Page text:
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Discussion Starter #1
Hi All,
just wanted to share some good news.I decided to try a pilates class as I'm not up to going to the gym or swimming(too cold!).On the night I felt so tired I was regretting signing up but went along anyway.Having scoured my wardrobe,unsuccessfully,for something remotely sporty to wear,I resigned myself to wearing black to hide my beer gut.
Anyway,I soon found out that this was my ideal class!spend most of your time lying down...excellent:) very low level exercises.The next day my muscles ached,but I had my first day free of joint pain for years:wink2: what a result.The pain didn't start again until the evening so I'm definitely going to try to keep it up(paid in advance and too expensive to stop anyway:rotfl: )
Just had to share,I had forgotten what it was like to be painfree,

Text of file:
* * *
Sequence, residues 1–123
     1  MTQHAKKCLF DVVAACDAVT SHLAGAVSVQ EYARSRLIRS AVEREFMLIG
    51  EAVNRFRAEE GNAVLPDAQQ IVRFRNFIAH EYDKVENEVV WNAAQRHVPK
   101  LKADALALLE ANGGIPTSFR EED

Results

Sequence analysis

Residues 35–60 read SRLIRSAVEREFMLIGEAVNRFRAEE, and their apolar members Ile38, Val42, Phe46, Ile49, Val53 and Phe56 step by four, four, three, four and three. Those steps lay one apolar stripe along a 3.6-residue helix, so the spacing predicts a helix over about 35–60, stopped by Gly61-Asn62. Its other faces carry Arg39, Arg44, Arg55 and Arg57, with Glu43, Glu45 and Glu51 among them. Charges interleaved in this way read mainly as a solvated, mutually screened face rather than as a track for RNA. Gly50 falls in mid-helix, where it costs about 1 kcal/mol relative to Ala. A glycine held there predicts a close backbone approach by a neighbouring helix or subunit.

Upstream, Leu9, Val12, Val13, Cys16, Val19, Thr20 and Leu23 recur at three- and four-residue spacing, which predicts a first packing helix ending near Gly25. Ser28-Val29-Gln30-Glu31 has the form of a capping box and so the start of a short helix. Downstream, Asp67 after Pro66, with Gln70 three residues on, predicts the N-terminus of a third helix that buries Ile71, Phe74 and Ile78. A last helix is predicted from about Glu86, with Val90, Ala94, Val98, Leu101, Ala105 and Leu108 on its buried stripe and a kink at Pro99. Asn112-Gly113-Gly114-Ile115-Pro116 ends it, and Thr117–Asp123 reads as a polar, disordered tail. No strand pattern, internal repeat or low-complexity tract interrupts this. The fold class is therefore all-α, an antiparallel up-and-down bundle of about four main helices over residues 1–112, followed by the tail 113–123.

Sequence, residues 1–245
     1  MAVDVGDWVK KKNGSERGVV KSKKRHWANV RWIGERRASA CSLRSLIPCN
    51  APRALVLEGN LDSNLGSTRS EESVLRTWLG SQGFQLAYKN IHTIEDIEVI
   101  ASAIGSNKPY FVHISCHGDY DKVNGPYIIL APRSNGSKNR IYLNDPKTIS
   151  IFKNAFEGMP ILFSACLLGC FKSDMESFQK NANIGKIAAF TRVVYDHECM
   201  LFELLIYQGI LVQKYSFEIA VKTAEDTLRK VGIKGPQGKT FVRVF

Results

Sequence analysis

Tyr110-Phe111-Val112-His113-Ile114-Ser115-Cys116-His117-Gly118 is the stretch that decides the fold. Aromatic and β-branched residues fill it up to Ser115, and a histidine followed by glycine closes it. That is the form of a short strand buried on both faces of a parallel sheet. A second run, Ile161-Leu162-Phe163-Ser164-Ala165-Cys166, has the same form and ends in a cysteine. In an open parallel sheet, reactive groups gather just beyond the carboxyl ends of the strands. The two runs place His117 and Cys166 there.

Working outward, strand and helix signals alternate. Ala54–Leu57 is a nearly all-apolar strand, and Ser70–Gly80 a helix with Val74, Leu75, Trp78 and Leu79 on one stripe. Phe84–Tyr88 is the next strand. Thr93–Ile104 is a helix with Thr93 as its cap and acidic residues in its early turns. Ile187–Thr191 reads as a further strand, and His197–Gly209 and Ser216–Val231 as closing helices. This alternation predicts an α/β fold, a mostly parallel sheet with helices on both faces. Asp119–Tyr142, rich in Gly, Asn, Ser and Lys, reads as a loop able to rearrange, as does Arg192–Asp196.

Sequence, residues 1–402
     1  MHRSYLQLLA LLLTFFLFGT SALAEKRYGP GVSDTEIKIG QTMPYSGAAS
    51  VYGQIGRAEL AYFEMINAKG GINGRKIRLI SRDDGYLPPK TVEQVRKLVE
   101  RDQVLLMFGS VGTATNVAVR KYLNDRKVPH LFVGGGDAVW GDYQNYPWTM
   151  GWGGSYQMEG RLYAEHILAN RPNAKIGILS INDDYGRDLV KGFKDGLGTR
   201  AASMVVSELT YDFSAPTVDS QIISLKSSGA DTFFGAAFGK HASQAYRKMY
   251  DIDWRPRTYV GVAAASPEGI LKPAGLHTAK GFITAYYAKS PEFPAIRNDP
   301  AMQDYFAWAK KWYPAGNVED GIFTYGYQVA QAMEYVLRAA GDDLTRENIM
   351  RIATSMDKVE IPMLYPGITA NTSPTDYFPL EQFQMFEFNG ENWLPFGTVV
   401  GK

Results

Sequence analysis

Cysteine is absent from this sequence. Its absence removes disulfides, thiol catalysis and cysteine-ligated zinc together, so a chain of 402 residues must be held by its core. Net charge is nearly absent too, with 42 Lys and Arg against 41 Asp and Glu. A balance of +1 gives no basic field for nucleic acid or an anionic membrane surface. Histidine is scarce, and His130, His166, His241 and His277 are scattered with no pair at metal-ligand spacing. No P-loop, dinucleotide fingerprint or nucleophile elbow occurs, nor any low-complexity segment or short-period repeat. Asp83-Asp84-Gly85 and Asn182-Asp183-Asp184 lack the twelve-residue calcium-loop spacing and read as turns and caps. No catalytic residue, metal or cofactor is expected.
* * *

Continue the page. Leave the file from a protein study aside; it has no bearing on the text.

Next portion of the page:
Julsie
 

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Hey Julsie!

I had to actually google that as I had never heard of it before. Maybe they don't have it here, or they call it something else but it sounds great - just what I need, if only they had it !!!

I'm keeping up with the gentle gym. I'm doing ok except some exercises where the trainer really saw just how painful some things could be. I'm glad to say he didn't even try to insist :)

Katharine
 

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Hi Julsie,

Good for you! I too have started pilates, my physio is very keen for me to get back to some form of exercise since my flare. Before Christmas I was back running and doing all sorts but I'm just not up to it now. I ache quite badly the day after Pilates then feel better the day after that. The teacher is aware of my condition so keeps an eye on me.

Don't worry about looking like a goddess - I wear Hubby's t-shirts. :eek:

Katharine - Pilates is similar to yoga. It concentrates on the alignment of the spine, shoulders, knees and hips. I find it more regimented than yoga which works the entire body equally, whereas pilates is targeting the core muscles (pelvic, lower back, abdomen) to improve posture.

Hugz,

Pam xxx
 

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Discussion Starter #4
Hi Katharine,
I know you can get books on it,probably just as good.I tried the gym,but I was just so tired before I started.The last time I went,I couldn't manage 2 mins on the treadmill,so I decided to call it a day.